Rep. Jim Walsh, R-Aberdeen, donned a yellow safety vest ahead of Gov. Jay Inslee’s State of the State Address to protest the Governor’s proposed carbon tax. Walsh is among the backers of a bill introduced in the Washington House of Representatives last week that would repeal the controversial Initiative 1639.

Recently, the Joint State House/Senate Transportation Committee met in Olympia and heard an update on the governor’s plans to use a so-called “Section 601 letter” to rewrite our recently-passed two-year Transportation Budget.

A Section 601 letter is a budget tool created under state law that’s a sort of distant cousin to a veto. Specifically, it allows the governor—working with the Washington State Department of Transportation (WSDOT)—to move money between budgeted transportation projects. The intent is to give the executive branch some flexibility in managing particular road projects that are delayed due to technical issues, weather or other practical reasons.

The “letter” part of the tool refers to written notice of the re-allocated money that the executive branch must send to the legislature. Under our state constitution, the legislature is responsible for writing budgets. The executive branch doesn’t have the power to change those budgets unilaterally.

Traditionally, Section 601 letters have been used to move relatively small amounts of money. But, this summer, the governor has stated that he wants to move $175 million out of the Transportation Budget’s Connecting Washington account—our main state road- and bridge-maintenance fund. 

The governor’s plan is a major rewrite of the legislature’s bipartisan 2019-2021 transportation budget. It’s more, in terms of both dollars and budget negotiation than the relevant Section 601 law intended.

This legally and constitutionally dubious move comes in response to a 2013 federal court injunction that asks the state to repair or replace certain culverts (those are the pipes that channel small streams and/or creeks under roads and/or trails) that block salmon and other fish from swimming up to spawning grounds in about a dozen western Washington counties. It asks the state to do this by 2030.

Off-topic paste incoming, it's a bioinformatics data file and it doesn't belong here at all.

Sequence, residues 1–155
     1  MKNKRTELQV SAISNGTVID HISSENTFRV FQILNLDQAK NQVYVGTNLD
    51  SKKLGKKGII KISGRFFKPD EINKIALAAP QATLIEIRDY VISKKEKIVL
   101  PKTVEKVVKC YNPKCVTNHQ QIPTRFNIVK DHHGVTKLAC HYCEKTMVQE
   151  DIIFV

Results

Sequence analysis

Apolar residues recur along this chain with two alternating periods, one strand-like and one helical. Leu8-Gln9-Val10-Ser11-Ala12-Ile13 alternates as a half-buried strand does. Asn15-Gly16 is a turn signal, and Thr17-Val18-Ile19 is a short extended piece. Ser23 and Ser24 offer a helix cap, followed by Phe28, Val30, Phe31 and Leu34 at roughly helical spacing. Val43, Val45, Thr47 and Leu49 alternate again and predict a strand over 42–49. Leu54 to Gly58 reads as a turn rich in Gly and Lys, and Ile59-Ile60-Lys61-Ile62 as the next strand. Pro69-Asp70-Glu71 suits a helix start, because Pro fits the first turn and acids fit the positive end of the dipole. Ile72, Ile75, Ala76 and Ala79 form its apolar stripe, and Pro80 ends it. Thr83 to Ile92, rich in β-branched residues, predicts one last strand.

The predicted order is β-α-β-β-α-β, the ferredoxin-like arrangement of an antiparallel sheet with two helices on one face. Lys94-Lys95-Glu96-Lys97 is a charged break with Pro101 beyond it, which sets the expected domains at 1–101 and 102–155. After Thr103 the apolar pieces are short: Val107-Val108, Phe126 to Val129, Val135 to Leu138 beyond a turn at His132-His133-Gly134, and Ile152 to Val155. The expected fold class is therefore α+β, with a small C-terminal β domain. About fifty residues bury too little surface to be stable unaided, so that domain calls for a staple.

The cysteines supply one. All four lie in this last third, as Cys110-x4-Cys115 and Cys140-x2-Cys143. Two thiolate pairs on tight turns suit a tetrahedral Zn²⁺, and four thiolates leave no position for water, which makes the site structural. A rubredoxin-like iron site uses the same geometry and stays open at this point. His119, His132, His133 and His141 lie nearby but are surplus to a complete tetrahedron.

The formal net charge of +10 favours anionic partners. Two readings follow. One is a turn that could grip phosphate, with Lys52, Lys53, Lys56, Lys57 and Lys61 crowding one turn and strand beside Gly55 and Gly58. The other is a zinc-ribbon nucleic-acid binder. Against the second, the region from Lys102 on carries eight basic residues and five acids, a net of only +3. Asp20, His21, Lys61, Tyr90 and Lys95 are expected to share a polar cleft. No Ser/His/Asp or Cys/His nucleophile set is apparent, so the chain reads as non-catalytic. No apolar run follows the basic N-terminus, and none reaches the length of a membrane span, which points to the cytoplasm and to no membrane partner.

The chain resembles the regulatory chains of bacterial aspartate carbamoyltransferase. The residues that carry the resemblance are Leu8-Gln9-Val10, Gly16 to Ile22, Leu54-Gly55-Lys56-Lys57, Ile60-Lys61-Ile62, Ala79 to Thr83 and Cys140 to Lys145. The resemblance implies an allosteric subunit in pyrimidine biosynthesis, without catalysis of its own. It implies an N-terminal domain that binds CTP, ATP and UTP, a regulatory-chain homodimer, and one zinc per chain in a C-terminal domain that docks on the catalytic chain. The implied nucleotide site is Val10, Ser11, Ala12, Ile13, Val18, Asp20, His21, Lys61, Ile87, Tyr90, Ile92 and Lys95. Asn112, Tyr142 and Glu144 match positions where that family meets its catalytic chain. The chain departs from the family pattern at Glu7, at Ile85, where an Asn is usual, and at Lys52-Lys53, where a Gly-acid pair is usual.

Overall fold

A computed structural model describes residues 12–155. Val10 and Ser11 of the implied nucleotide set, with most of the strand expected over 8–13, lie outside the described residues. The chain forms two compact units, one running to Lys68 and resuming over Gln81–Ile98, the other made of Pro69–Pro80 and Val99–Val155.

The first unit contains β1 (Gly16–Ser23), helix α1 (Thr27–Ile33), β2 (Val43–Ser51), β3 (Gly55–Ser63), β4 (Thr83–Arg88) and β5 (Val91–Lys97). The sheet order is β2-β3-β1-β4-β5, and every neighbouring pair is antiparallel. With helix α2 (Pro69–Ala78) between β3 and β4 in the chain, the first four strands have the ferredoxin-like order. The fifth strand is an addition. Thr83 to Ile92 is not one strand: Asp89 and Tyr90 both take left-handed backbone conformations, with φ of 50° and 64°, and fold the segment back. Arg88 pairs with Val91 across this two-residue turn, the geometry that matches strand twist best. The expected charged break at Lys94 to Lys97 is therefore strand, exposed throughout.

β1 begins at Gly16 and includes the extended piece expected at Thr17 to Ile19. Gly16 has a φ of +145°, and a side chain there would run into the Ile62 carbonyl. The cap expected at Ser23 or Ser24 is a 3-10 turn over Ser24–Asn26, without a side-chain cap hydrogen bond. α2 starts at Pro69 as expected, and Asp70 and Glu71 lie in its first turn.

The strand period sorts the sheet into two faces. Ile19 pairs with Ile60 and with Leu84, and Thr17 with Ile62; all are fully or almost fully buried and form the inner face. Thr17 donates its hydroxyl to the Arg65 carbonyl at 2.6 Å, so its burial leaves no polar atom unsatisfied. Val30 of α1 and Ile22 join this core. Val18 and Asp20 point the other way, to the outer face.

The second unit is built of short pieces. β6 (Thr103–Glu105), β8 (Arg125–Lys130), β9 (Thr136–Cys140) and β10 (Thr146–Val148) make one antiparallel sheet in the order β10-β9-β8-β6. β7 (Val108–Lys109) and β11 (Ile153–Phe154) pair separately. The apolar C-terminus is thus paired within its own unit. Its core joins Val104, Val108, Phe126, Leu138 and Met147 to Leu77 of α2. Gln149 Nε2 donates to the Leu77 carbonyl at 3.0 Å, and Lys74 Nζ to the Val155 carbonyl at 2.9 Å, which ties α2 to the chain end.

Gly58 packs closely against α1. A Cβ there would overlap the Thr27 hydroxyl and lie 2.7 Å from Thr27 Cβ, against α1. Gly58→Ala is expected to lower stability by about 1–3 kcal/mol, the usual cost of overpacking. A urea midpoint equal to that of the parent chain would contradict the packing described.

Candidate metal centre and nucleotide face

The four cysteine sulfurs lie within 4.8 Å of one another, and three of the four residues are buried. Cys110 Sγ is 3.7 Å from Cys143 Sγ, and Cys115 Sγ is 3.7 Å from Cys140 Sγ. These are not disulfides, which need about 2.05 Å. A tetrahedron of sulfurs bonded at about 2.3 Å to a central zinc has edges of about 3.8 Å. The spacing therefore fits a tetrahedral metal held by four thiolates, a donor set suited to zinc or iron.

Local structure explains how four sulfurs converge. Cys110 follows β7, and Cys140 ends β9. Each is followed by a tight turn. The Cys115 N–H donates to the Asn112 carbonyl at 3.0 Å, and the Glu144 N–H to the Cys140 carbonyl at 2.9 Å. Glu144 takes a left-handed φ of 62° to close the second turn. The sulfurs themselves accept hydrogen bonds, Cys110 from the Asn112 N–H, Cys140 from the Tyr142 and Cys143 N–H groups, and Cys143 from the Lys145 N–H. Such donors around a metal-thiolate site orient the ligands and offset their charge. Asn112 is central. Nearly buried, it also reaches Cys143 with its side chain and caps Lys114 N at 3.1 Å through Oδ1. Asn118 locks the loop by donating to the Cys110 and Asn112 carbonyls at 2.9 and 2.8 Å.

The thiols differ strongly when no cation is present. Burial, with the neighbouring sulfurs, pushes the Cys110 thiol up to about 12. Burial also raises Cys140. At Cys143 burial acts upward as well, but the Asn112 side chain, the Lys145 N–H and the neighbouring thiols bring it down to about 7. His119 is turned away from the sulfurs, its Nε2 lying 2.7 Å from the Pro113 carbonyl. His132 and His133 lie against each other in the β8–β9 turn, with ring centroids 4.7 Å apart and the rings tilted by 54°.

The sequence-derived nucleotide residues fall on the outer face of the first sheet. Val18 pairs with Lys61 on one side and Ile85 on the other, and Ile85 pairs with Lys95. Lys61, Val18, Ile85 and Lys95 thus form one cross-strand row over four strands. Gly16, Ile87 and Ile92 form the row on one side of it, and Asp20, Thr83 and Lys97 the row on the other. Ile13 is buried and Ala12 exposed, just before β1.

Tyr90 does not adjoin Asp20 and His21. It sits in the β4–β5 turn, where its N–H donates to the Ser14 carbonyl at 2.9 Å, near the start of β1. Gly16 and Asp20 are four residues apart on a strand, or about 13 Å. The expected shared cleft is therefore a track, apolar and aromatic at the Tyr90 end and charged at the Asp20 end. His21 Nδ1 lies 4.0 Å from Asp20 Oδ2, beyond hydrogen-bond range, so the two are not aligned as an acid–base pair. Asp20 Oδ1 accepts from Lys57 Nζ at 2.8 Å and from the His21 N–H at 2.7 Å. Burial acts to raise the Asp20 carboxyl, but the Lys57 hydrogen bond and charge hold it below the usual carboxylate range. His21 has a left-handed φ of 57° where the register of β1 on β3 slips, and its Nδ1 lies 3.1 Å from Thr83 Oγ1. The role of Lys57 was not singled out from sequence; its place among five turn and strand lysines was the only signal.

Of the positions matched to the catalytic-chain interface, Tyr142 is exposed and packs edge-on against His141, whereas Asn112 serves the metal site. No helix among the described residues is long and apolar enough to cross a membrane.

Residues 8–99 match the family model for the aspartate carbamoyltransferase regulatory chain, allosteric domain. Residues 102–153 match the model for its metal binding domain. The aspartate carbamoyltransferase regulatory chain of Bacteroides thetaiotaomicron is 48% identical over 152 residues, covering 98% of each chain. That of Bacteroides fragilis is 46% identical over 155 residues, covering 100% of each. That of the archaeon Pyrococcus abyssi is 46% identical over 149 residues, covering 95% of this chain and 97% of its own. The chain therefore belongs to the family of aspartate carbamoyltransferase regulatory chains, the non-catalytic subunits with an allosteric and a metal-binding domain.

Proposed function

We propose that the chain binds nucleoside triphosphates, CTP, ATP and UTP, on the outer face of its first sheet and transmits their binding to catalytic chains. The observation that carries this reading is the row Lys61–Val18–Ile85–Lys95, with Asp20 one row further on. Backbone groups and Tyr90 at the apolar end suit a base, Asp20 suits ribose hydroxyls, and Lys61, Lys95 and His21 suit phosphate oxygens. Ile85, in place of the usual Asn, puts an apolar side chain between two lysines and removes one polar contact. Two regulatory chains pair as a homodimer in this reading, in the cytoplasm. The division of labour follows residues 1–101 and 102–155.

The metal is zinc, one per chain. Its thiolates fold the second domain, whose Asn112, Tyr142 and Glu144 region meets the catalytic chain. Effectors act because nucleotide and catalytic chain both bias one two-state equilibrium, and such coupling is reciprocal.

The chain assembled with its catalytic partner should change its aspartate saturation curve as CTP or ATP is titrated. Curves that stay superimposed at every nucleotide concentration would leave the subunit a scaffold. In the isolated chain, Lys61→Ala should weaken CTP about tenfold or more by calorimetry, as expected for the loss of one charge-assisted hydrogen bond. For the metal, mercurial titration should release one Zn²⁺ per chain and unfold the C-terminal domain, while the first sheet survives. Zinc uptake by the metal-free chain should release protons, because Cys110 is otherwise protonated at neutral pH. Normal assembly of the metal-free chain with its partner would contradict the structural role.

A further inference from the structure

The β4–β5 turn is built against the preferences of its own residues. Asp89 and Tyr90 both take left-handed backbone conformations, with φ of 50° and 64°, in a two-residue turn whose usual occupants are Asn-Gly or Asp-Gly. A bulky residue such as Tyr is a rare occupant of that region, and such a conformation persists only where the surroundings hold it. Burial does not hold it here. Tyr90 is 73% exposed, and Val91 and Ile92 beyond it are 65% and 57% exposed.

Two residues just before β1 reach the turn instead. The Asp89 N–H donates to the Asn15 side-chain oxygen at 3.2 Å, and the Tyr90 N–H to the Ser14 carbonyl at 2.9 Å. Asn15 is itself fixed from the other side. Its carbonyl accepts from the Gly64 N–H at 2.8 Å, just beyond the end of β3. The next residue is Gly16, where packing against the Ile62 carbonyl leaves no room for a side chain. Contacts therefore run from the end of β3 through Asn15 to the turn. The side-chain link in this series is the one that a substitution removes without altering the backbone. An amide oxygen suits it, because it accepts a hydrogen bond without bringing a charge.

In broad policy terms, we should budget more money than we have for culvert replacement. But a Section 601 letter is not the proper way to do so.

This improper process is one more bad result of court-made public policy. The pattern has become familiar: A court tries to make policy by issuing an opinion, memo or other document that asks the state—effectively, the state legislature—to take a certain action. The legislature asks the relevant state agency—usually, part of the executive branch—to estimate the scope and costs of that action. The bureaucrats at the agency come up with Cost No. 1. While the legislature is appropriating the necessary money, the bureaucrats come up with a higher estimated Cost No. 2. While the legislature considers that, the bureaucrats come up with an even-higher estimated Cost No. 3. And so on.

All along, the bureaucrats remind the legislature in lecturing tones that a court has “ordered” this.

WSDOT initially estimated that the culvert replacement projects described by the 2013 federal court injunction would cost about $1.8 billion. Then, it raised the estimate to $3.2 billion. And, most recently, it’s raised the estimate to $3.8 billion—more than double the original number.

We’ve seen similar situations with K-12 school funding, housing for vagrant drug addicts, etc. This is not a process for making good, rational public policy.

It’s especially troubling when we’re talking about unblocking culverts in complex stream systems and watersheds that often contain interlocking tributaries, streams and creeks. Blocked by culverts that belong to various groups—the federal government, the state, counties, cities and private landowners. The relevant court injunction is written broadly and somewhat vaguely. It doesn’t offer clear metrics or definitions of success. As a result, state bureaucrats are hiding “Christmas list” projects behind judges’ robes. And the governor is flouting the constitutional separation of powers to fund those Christmas-list projects.

The legislature needs to assert its co-equal standing with the judicial and executive branches of government in this matter. And others. The legislature needs to reclaim its constitutional role as the state’s budget writer. And take the lead — not follow — in finding a good solution to the problem of failed culverts and blocked fish passage in Western Washington.

The first step in doing that is to oppose the $175 million heist of road- and bridge-maintenance funds described in the governor’s Section 601 letter. Our state roads and bridges need that money to stay in place for essential maintenance and the traveling public’s safety.


Jim Walsh represents the 19th Legislative District in Olympia. He is ranking member on the House State Government & Tribal Affairs Committee and assistant ranking member on the House Transportation Committee.

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